Monday, December 21, 2009

Supreme Being, Absolute


Confucianism has an Absolute that is called Heaven. Obviously Heaven is a translation, but it's unlike many other Confucian concepts which are introduced to the West with their Chinese word and are then roughly translated. The Chinese word remains as part of explaining and naming the concept. Implied in this continued use of the Chinese word is that the translation is an inexact approximation of the concept.  Use of the Chinese word reminds you that you need to hold the concept loosely in your mind until you can build a context for it.

Li is explained using the Chinese word. Li is the concept of using ritual and propriety to honor family members, ancestors and rulers. Ren receives the same treatment, it represents the ideal relationship between two people.

Heaven, however, is often used without its Chinese name, Tien or Tian. Perhaps because Tien is a word with many interpretations. Sometimes when it is used as a pair with Earth as in, Heaven and Earth, it sound very much like the Heaven of Christian terms. I am not sure why the word Heaven is used in this way since it causes confusion in Western minds.

When Tien is used in a traditional folk way it is a spirit place where the ancestors are ruled over by a supreme ancestor (Shang Ti). (Smith 183) With the ancestors there, Heaven is a spirit rendition of our world, with its own version of influence peddling (take care and reverence your ancestors and they will help you). Ancestors can be influenced with money and favorite foods. This way of looking at heaven has roots that predate Confucianism. All Chinese religions refer to this Heaven and the ancestors in it. Huston Smith's take on Confucianism was that the balance in Chinese society had grown to cede too much control to Heaven. Confucianism brought Chinese thought back into the world; back to Earth. (185)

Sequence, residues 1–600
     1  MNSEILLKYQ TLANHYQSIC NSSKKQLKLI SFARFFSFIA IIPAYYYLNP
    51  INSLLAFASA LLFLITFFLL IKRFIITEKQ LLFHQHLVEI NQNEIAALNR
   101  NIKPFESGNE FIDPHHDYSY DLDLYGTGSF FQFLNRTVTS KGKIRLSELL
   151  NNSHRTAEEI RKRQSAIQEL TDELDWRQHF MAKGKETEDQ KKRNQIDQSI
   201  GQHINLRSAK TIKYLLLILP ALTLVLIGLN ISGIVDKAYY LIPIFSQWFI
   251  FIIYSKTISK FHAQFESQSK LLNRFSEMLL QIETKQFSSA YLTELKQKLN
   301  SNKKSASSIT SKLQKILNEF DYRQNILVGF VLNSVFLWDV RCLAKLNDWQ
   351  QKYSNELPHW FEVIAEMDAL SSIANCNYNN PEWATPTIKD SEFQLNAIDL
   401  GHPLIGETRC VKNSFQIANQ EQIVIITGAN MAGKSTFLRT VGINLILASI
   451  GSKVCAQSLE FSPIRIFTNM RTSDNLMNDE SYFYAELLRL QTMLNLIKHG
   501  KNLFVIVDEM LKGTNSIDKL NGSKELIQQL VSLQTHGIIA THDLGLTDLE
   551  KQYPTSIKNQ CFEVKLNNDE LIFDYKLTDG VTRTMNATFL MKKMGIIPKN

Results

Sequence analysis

Heaven in Chinese history has a special connection to Kings and Rulers. The Kings were connected to Heaven in a way that others were not, making them a kind of nexus with Heaven. A King's ancestors were powerful semi-divinities in Heaven. Confucianism democratized Heaven a bit, giving more people access to their ancestors and a way to impact and connect with Heaven. A King's ancestors would be higher up in the hierarchy of Heaven then your ancestors but you still were connected. This access to Heaven was always a special responsibility of Kings and Emperors but was still available to all with identifiable ancestors.

Just as the Christian concept of a monotheistic God can range from the very personal to the highly theoretical, Heaven does also. Some Confucianists, now and in the past, regard Heaven as an ideal rather than actual, and ancestor worship as a way of connecting with their heritage. Tien is as plastic as Western concepts of God. One translation of Tien is "an impersonal force that watches over human affairs" (Fieser 160).

Neo-Confucianists of the Middle Ages mixed in more of Buddhism and Daoism into Chinese religion. The connection with Heaven still involved the ancestors but the way of connection was influenced by the idea of qi. Mencius, an early Confucian sage who lived between 400-300 BCE thought that by living a very good life of honor and right relationship one would create a "flood-like qi" that would "...fill the space between Heaven and Earth. It is a qi which unites rightness and the Way" (Armstrong 305). In other words, how one lived in right relation, with ren, created qi which connected one powerfully with Heaven. The ideal was a life that made the connection with Heaven a seamless continuum.

No comments:

Post a Comment